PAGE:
For Isabell Werth and Warum Nicht FRH, the hardest part of winning the World Cup-qualifying Grand Prix freestyleat the Frankfurt CDI (Germany), Dec. 13-16, wasn’t really the competition, but the atmosphere.
In the Grand Prix test on Saturday, Warum Nicht seemed unsettled and neighed several times in the test. They had several mistakes, including an unplanned reversal in one canter pirouette.
“Suddenly we went in another direction than I had intended,” said Werth. They placed fourth, with a 69.25 percent.
“He had been going well in the arena during the training on Friday and Saturday morning and also in the warm-up tent before the competition. But entering the arena we had to face some surprises, which neither I nor ‘Hannes’ had expected. The spectators are sitting close to the ring, and the flash bulbs are very disturbing.”
The next day, during the freestyle, Hannes settled a bit, and they won with a 79.25 percent. It was their second World Cup-qualifying freestyle win, after earning victory at the Odense CDI (Denmark) at the end of November. Werth and Hannes, the 2007 FEI World Cup Final winners, are automatically qualified for the 2008 Final but needed to participate in two qualifiers to compete there.
American Courtney King continued her European tour, placing seventh in the freestyle with Mythilus (71.40%). It was Mythilus’ first World Cup-qualifying class. After the Grand Prix class, where they also placed seventh (66.95%), King had been upset with herself.
“I could not bring the same performance into the competition ring as in the warm-up arena,” she said.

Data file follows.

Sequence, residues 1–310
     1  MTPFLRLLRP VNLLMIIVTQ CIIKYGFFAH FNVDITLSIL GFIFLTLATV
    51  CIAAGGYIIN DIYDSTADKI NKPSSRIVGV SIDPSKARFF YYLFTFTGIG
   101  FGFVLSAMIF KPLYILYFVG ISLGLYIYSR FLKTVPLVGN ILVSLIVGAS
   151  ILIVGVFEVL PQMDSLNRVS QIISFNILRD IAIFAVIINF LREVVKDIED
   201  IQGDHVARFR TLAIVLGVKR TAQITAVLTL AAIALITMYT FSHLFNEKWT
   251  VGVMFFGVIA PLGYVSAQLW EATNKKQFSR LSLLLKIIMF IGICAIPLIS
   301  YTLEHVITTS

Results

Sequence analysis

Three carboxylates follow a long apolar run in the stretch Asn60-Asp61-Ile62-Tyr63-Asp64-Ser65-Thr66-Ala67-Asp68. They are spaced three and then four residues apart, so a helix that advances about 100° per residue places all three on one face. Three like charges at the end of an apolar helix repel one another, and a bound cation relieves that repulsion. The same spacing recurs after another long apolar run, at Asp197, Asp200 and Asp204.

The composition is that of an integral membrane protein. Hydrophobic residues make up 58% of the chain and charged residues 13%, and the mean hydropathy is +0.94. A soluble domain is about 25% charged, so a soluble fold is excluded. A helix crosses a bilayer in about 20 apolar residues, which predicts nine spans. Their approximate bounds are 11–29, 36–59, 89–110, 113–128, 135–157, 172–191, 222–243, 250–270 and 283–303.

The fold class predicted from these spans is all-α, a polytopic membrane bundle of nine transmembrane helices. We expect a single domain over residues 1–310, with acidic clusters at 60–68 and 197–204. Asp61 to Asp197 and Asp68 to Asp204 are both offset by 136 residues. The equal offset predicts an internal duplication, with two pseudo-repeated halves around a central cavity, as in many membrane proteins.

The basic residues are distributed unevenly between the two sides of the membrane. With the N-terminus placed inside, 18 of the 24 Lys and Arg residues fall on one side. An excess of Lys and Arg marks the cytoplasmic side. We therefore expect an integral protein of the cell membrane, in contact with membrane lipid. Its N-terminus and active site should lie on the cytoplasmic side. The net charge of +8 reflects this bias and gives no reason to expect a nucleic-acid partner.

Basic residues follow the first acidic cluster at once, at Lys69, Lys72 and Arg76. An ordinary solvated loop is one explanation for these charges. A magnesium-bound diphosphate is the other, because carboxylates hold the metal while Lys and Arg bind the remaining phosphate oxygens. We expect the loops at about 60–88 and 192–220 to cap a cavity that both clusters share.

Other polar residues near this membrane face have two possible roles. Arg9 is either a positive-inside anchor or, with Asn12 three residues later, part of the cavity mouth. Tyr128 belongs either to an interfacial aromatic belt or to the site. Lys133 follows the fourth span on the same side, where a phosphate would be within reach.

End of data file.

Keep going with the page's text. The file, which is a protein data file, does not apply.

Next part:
Nevertheless, considering the top starting field, seventh place proves that they are going in the right direction. The piaffe-passage tour is so excellently done that it should receive the highest scores.
None of the riders at Frankfurt were really faultless. Last year’s winners—Silvia Iklé and Salieri CH of Switzerland—had some small flaws but once again showed excellent piaffe-passage movements. They claimed second behind Werth in the freestyle with 76.70 percent.
“We had two mistakes in the tempi changes, and to beat a combination like Isabell Werth and Warum Nicht FRH you have to be faultless. Salieri CH is not really impressed by the arena. He likes to be in the spotlight and among people,” Iklé said.
Though she qualified to compete in the 2007 FEI World Cup Final, Iklé declined, choosing to focus on the European Championships. This year, the 2008 Olympics, where Swizterland will field a dressage team, is her focus.
Iklé and Salieri CH took second in the Grand Prix as well, behind Monica Theodorescu and Whisper. In the Grand Prix, Whisper—a promising 9-year-old gelding—was relaxed despite the decorated and noisy atmosphere. But in the freestyle, they had several mistakes and placed just ninth (69.30%).
The 17th edition of the Nuernberger Burg-Pokal Final went to 21-year-old Austrian rider Victoria Max-Theurer. This was the first time that a non-German rider has won the Prix St. Georges-level final, but at least her horse Augustin is an Oldenburg stallion, though bred by her own family in Austria.
Augustin is a special horse, since his sire—August der Starke—has only four offspring. August der Starke, also owned by the Max-Theurer family, performed to the Grand Prix level with Victoria, is normally not used for breeding. Augustin, who was—at 7—the youngest horse of the final, is the oldest offspring.
“It was a Mother’s Day gift for my mother,” explained Victoria. “She really had so strongly wished for an offspring of August der Starke, who was just 4 years old at that time and had just made his stallion test. My father was pretty much against it, because he thought that Augustin should concentrate on horse shows. But we made an exception and allowed him to cover the dam of Augustin.”
Second place went to Oliver Oelrich aboard the 9-year-old Oldenburg stallion Show Star. Though it was his debut in the Nuernberger Burg-Pokal Final, the dressage instructor qualified two horses for the final—Show Star and Davenport.
“I have a very high opinion of this Final,” Oelrich said. “For me, it is really like a German Championship for 7- to 9-year-old horses at Prix St. Georges level.”